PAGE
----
THE ALBUM COVER IMAGE is all too familiar. The railroad tracks go to Auschwitz where the voices of Jewish composers were silenced in the gas chambers. Many of them had composed important music at Terezin, the concentration “show” camp in what today is the Czech Republic. The show was a momentary dressing up by the Nazis to convince the International Red Cross that their inmates were being treated humanely. Not only were many fine works of music born at Terezin, but the musicians interned there put on ambitious concerts enjoyed by their fellows and their overlords. The Black Oak Ensemble consists of violin, viola and cello (with two of its members among the Grammy-nominated Lincoln Trio.) You have to go back to Beethoven to find a body of work for that small ensemble of strings, which for its wealth of ideas remains largely Viennese entertainment. Here, however, the music is far more intense, often much darker, yet displaying remarkable excellence. Of the six composers represented, five died in 1944 and 1945. The sixth, Hungarian-born Géza Frid, escaped the others’ fate by leaving for Switzerland in the 1920s; he read the handwriting on the wall, and lived to age 85. His Trio for Strings, Op 1, is packed with folk music and resembles the music of Kódaly and Bartók. The composers who died at the hands of the Nazis include the now well known Hans Krása and Gideon Klein, along with Dick Kattenburg, Sándor Kuti and Paul Hermann. The performances match the intensity and power of the music itself. SM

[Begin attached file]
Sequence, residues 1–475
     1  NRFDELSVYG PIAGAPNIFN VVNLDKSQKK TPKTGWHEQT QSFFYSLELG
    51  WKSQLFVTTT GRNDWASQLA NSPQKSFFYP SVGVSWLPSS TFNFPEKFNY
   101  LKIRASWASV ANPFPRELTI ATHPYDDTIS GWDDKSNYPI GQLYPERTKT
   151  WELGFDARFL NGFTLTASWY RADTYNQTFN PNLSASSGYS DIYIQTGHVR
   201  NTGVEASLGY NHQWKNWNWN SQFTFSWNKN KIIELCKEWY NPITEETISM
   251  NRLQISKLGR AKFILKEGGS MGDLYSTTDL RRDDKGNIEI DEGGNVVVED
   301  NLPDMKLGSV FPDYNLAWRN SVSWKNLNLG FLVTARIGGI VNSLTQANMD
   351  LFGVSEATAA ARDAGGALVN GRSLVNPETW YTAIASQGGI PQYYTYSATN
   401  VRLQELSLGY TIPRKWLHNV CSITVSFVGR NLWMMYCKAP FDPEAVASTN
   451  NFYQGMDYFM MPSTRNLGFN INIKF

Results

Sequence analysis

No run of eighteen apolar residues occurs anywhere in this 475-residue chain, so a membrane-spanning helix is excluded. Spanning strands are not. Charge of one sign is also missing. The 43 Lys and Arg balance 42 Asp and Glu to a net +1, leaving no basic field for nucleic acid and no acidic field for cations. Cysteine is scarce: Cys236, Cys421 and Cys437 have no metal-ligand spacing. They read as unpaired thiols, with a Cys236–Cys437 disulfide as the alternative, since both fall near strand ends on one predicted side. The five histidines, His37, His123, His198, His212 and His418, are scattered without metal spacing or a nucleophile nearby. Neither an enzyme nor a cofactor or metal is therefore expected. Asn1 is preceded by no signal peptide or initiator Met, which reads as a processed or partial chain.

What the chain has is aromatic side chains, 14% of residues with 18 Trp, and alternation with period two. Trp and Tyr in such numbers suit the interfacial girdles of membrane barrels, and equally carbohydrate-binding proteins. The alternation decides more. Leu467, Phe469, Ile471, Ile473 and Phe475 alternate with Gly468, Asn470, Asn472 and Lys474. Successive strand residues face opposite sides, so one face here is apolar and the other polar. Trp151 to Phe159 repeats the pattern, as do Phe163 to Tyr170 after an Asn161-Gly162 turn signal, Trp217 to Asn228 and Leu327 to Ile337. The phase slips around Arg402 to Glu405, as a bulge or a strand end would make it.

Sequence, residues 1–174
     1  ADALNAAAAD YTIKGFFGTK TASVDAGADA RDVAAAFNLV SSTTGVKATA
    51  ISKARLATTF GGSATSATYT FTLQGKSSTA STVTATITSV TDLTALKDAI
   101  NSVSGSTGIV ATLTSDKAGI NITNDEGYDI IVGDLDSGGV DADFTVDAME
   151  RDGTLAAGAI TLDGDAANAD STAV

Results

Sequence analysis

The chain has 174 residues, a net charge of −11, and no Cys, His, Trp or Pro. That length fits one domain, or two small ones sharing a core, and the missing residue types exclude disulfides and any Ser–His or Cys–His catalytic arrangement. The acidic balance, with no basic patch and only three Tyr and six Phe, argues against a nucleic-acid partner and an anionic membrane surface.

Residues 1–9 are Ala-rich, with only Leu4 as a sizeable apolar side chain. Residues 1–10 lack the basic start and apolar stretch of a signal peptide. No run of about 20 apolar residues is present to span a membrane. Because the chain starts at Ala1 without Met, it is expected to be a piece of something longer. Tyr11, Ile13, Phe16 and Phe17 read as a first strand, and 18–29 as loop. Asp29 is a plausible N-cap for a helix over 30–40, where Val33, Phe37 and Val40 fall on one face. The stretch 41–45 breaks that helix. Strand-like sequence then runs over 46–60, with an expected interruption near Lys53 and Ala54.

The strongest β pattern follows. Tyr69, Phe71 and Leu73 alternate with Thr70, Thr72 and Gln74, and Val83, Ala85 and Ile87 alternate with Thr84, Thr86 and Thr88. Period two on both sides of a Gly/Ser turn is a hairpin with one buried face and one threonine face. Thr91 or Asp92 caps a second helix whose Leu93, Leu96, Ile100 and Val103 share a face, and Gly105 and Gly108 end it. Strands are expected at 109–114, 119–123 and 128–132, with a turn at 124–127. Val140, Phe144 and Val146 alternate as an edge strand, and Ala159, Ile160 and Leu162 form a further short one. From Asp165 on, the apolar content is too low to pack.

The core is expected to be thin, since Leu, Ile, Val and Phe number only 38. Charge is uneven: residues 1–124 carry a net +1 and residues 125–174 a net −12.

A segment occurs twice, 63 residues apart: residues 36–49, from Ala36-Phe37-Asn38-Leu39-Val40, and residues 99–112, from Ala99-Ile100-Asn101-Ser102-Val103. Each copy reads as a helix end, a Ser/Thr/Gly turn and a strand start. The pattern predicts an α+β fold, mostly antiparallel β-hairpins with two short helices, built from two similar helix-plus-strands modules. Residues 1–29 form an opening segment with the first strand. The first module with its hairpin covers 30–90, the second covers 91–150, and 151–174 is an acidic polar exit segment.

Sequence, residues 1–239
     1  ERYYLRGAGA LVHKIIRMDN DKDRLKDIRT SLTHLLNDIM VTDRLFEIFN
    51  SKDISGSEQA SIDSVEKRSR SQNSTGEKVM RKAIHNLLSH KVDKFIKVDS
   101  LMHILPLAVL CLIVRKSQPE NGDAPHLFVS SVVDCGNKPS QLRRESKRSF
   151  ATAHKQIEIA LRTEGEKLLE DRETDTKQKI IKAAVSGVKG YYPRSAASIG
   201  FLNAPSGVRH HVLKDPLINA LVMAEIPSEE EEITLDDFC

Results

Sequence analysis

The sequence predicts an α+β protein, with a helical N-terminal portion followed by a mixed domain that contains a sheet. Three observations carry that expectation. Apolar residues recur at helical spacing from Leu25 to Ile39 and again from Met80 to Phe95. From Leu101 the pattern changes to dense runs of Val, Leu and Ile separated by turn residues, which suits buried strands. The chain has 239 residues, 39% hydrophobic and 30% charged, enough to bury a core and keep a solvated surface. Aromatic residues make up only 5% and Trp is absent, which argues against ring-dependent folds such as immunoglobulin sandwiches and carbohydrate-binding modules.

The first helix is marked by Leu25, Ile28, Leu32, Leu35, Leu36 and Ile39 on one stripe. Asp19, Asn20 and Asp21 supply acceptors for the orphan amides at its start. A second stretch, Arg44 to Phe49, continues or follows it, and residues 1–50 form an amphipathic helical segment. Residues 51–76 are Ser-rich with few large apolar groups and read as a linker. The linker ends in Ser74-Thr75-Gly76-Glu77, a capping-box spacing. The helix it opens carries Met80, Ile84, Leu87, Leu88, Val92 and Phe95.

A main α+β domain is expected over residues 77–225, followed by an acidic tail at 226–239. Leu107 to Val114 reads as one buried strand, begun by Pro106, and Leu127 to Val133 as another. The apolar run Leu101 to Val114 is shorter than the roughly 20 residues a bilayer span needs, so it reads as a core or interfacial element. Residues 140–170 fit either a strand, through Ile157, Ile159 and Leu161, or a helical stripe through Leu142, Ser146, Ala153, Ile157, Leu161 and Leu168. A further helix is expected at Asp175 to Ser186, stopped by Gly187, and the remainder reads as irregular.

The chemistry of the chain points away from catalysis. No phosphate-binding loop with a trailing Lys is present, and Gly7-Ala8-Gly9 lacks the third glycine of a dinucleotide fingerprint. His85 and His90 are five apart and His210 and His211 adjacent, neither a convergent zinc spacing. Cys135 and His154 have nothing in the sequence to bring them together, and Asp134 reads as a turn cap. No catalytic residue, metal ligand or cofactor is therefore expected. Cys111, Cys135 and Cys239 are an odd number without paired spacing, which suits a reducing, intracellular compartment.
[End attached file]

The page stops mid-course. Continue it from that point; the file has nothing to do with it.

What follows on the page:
NOVEL VOICES pairs the rich-toned viola of award-winning Molly Carr in equal measure with Crimean-born pianist Anna Petrova in their debut release, on Melos Records. Formed at the Juilliard School in 2005, the Carr-Petrova Duo (pictured below) has taken a stand for human rights, traveled the world and won awards. Their program honors or acknowledges the struggles for human rights either programmatically or in the personal experiences of the composers. For Khachaturian it’s the haunting lullaby from his ballet Gayane’s eponymous heroine. Mieczysław Weinberg, a Polish Jew whose music is now gaining exposure, is represented by a clarinet sonata, transcribed for viola, that memorializes relatives murdered by the Nazis. A gentle waltz invades the turbulent opening movement; the real heart of the work is the final Adagio. The British-born Rebecca Clarke (1886-1979) made her home in America at age 30, probably in part to distance herself from parental abuse. Her Viola Sonata is one of the great works for the instrument. Dating from 1919 it shared top honors with a viola sonata by Ernest Bloch from a field of 72 candidates. The award went to Bloch alone, however, because the male-dominated competition decided that such a powerful work “could not have been” composed by a woman and that her name must have been a pseudonym for a man. The young Mexican composer Fernando Arroyo Lascurain wrote the title work, Novel Voices, which gets its world premiere recording here. “The voices all of the children we met during our trips into refugee camps and their moving life stories,” as the Duo writes, is presented in three movements: Stories and Dreams, Dance of Uncertainty and Call and Prayer. Middle-Eastern themes paint the first in sighing phrases that frames a lively dance; the aggressive second does indeed dart in many directions; the final movement muses on sorrows of the dispossessed. SM
SMALL MONGOLIAN HOARD CONQUERS THE WORLD
ROCK BAND, The Hu, from the steppes of Central Asia. Click HERE
HIJO DE LA LUNA
MARIO FRANGULIS in concert
MEN ON BOATS at Hartnell College. CARRIE, THE MUSICAL at Cabrillo College. Click HERE
MODIGLIANI STRING QUARTET at Sunset Center. BRANFORD MARSALIS QUARTET-two shows at Kuumbwa. EVITA opens at Hartnell College. MOSCOW BALLET NUTCRACKER in Monterey.
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Scott MacClelland, editor; Rebecca CR Brooks, associate editor